TOWNSEND -- The annual police picnic for seniors has become a tradition enjoyed by public safety personnel and seniors alike. After all, who doesn't appreciate a good cookout complete with entertainment, visiting friends and the promise of a prize to take home?

The Police, Communications and Fire-EMS departments join forces to sponsor the meal, now in its 27th year. This year, the picnic for over 100 people was held June 19 in the Townsend Meeting Hall on Dudley Road.

Over the years, the event has moved from the Townsend Veterans of Foreign Wars post, to the function hall at the Congregational Church and then, for the past three years, to the room adjacent to the Senior Center.

Some of the volunteers have been part of the picnic since the earliest days. Crystal Entertainment provides much more than music. Gail Johnson was spinning the tunes and running the quizzes this year. She or her husband, Jimmy, a former reserve police officer, have been on board since the days at the V.F.W.

During a patriotic song, the diners waved the flags placed at each seat. They were led by Avis Roy, who donned the hat from her table's centerpiece and stood to conduct the room.

"The flags were my idea this year," said Police Chief Erving Marshall.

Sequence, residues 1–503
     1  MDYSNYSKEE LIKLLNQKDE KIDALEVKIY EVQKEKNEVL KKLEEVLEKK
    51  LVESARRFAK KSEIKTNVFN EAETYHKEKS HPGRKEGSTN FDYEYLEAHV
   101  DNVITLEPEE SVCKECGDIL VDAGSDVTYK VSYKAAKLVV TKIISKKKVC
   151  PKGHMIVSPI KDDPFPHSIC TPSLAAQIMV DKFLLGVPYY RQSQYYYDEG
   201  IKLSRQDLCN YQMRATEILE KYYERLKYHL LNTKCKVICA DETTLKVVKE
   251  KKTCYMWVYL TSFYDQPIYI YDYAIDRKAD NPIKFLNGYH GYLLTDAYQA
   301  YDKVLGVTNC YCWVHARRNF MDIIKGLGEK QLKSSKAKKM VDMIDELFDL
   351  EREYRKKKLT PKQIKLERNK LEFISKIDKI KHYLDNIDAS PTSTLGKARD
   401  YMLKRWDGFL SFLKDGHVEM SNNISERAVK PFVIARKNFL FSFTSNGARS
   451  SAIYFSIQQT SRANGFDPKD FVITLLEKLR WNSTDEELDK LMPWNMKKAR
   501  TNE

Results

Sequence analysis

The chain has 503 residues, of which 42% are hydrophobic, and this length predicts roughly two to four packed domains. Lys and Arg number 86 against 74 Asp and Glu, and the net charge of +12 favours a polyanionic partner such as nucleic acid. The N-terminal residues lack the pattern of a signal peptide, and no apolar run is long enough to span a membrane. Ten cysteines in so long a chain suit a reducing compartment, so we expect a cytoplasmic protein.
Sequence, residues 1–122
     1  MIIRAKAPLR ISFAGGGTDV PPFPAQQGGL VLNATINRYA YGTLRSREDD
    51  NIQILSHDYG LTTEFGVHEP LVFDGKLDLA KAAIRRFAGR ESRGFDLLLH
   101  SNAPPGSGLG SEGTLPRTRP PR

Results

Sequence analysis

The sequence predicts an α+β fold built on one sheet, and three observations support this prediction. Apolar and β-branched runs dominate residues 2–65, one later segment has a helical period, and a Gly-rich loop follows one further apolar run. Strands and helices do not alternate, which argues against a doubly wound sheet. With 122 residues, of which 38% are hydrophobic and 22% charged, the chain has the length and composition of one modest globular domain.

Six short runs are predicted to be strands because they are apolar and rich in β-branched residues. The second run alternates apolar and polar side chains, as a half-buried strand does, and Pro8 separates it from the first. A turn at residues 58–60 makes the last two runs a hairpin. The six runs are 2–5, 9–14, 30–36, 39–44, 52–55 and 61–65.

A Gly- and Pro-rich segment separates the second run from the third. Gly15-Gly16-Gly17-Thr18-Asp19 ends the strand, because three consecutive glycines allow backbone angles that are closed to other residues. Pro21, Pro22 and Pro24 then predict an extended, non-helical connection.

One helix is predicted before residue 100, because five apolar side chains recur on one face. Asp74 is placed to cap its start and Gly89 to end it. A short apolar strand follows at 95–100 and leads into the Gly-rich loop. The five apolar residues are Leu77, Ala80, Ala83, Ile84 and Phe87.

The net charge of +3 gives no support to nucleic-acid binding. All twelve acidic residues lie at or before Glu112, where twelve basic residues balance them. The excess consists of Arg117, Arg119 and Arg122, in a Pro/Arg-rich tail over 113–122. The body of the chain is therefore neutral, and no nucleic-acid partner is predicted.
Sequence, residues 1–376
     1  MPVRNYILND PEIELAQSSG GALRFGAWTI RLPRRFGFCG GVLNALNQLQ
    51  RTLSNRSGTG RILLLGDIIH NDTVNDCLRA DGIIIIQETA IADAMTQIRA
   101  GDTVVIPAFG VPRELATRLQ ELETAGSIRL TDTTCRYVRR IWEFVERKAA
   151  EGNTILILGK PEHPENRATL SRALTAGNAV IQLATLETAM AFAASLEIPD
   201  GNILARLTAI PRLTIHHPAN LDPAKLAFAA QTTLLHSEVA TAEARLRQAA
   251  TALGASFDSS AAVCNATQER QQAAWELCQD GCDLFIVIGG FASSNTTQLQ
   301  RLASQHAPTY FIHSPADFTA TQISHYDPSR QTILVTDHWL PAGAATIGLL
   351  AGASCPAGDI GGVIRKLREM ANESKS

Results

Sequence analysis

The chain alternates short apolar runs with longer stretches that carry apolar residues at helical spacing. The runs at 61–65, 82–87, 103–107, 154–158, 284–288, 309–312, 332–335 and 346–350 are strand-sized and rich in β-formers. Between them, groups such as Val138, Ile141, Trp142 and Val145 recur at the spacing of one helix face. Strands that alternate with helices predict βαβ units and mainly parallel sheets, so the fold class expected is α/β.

Memories were jostled by the playlist. "I just love the music," said diner Lori Lambert. She recalled seeing the Beatles twice at shows at the Boston Garden and seeing both George Harrison and Ringo Starr at other shows.

Volunteers prepared homemade salads and Officers Jim Marchand and Mark Francis manned the grill out back. They had some serious experience. Marchand has been cooking for the event since 1987.

The event was also a family event. Marchand's daughter, Kelly, works at Cherry Hill Ice Cream Too. She was there with three tubs of donated ice cream.

Local businesses donated goods for the raffle so everyone could go home with something. Stewart Florist donated the bouquet for the oldest resident, Edna Burnham, 97. She sported her Boston Post Cane pin, given to her when, as the town's oldest resident, she became the symbolic holder of the cane.

This picnic was about more than just fun and games. It was a venue where seniors could get to know the public safety personnel who might respond to an emergency call at their homes someday.

The meal is "in appreciation of you and in order to recognize those who serve you so you can recognize them," Marshall said.